I swear this experience came straight out of a movie. First we were taken into the jungle. Then, a monkey was chained to a pole. Next, we were given ingredients and told to drink it. Hindsight, it probably wasn’t our best decision but it ended up being a funny story.
I don’t know who, or why, but I found more than one occurrence of this quote on a trip to Banff. Plastered all around the climb and summit of Sulphur Mountain, I was curious as to its meaning.
A google search led me to the following quotes:
Allow only good things into your world.
Only good things will follow.
Have faith, stay positive, and only good things will happen.
Only good things happen to me.
Sometimes movements will spread their message across any place that will have them, but I think this person was just trying to be positive. No complaints there.
Imagine if we accepted only good things for ourselves.
Only good friendships.
Only good relationships.
Only good choices.
Only good food (with an exception every once in a while).
What if we only allowed good things in our life. What if we had faith and stayed positive.
This is a reminder to myself to accept only good things.
I spent last year travelling to 7 different countries, visiting museums, landmarks and gorgeous views. This summer my goal is to travel and adventure to places right in my own backyard. As I started compiling this list, I’ve noticed so many more Conservation Area or National Park signs. It’s funny what you see when you’re actually looking. The little things right?
Sometimes we forget just how beautiful Ontario can be.
In no particular order:
- Rockwood Conservation Area – Rockwood/Guelph ✔
- Webster’s Falls – Hamilton
- Crawford Lake Conservation Area – Guelph
- Bruce Peninsula National Park – Bruce Peninsula
- Scarborough Bluffs – Scarborough ✔
- Weber’s – Orillia ✔
- Elora Gorge – Elora
- Kensington Market – Toronto
- Byward Market – Ottawa ✔
- Cottage – anywhere ✔
- Paddleboard – anywhere ✔
- Mount Nemo Conservation Area – Guelph
- Laurel Creek Conservation Area – Waterloo ✔
- Walter Bean Grand River Trail – Kitchener
- Algonquin Provincial Park
- Parliament Hill – Ottawa ✔
- See the Aurora Borealis – absolutely anywhere
- Kelso Conservation Area – Milton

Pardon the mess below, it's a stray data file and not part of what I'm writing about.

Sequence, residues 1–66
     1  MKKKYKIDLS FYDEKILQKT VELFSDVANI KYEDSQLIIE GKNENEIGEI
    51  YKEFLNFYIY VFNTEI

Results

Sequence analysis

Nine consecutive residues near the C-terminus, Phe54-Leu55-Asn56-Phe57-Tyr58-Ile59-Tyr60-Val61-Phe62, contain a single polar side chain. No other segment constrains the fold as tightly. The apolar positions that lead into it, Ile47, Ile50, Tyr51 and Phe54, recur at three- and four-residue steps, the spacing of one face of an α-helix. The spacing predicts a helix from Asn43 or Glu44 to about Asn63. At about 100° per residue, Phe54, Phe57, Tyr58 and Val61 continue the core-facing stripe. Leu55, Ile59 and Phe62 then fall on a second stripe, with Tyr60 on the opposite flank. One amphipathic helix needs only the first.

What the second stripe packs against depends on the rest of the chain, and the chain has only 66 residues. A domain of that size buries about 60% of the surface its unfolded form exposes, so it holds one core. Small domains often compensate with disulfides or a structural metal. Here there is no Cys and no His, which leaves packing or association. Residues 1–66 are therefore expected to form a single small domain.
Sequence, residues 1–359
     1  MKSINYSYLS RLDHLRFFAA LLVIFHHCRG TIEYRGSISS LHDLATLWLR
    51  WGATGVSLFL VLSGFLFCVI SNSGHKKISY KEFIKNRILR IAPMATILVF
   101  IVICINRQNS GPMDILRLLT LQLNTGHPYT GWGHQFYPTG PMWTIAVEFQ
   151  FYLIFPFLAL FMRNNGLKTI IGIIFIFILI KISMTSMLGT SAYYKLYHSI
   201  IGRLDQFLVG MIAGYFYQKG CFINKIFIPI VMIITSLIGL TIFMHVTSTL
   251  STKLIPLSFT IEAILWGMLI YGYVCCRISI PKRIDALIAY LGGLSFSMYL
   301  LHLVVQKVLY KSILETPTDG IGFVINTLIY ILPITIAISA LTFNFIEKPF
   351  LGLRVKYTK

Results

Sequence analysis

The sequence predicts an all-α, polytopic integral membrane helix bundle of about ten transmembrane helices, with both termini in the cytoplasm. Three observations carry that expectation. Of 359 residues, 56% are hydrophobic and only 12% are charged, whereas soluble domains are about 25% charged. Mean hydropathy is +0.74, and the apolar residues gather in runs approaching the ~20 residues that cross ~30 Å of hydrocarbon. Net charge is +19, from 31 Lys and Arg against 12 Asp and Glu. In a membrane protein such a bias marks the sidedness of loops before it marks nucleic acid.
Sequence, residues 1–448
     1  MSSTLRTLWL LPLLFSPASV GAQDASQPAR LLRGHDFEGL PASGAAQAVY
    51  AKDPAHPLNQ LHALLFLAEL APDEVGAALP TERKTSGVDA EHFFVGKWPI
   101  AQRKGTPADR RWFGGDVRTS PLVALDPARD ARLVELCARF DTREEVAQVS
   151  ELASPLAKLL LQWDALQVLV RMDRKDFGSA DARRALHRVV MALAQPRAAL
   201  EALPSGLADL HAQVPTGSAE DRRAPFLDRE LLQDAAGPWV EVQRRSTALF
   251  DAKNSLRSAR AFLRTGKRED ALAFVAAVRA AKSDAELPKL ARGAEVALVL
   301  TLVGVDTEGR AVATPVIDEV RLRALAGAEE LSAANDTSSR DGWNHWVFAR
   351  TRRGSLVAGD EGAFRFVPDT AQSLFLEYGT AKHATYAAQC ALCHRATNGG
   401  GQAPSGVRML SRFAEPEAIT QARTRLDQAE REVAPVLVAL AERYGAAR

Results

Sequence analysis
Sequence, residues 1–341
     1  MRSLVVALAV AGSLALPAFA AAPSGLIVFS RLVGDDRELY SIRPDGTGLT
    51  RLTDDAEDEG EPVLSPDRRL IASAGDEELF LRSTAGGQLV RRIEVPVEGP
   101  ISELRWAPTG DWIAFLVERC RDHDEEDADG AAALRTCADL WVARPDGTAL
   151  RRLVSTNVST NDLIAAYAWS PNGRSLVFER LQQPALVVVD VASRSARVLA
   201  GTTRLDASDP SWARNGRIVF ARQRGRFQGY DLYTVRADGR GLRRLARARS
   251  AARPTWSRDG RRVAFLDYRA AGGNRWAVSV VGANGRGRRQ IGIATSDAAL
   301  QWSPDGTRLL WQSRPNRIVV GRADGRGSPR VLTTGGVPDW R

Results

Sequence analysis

The summer is way too short.
Any suggestions? Let me know!
One of the great, little things, about Trafalgar is one of the bus rules.
I think this simple rule made a huge difference in our trip. The rotating of seats allowed us to sit next to different people throughout the trip, but also remain with our families and friends. We had the opportunity to chat with familiar faces, or get to know new ones. Although we didn’t bond with absolutely everyone on the trip, Not only did we get to know more people, but we also had the chance to see different city views.
You know in school when the back of the bus was considered “the cool place to be.” This was not necessarily the case when it came to a 10-day Eurotrip. For the longer journeys it was nice to sit at the back with the most legroom. For the shorter trips the front seats were the best for the best sights. The rotating seats rule ensured every person on the bus had equal opportunity to see the sights. No animosity was created with people “claiming” the back of the bus or always getting the front view.
Although this is late and it’s the last day of Songkran, I thought I’d write a list of things I wish I knew last year.
1) You are going to get wet.
Absolutely every stall on Khao San Road celebrates Songkran. No matter where you go someone will dump a bucket of water on you, spray you with a water gun or get you wet by whatever means necessary. Even if you try and dodge buckets of water eventually one will get you – trust me, I tried. We took a break from the celebration and sat at one of the restaurants… a little kid still sprayed us with water. Luckily, the Thai sun is so strong you’ll be dry in no time.
2) Random people will touch your face with chalk.
It took a while to get used to random Thai men caressing my face – especially when I didn’t understand what was going on at first. Don’t worry, they’re harmless and just giving you their blessings.
3) Waterproof absolutely everything.
Bring ziplog bags, buy cell phone cases, or just leave it all at home. I brought my passport in an under the pants fanny pack and it got completely soaked. If you’re planning on bringing valuables make sure they’re either waterproof or wrapped away. Stalls all over Khao San Road sell plastic phone cases that look like this:
4) Waterguns and water are available everywhere.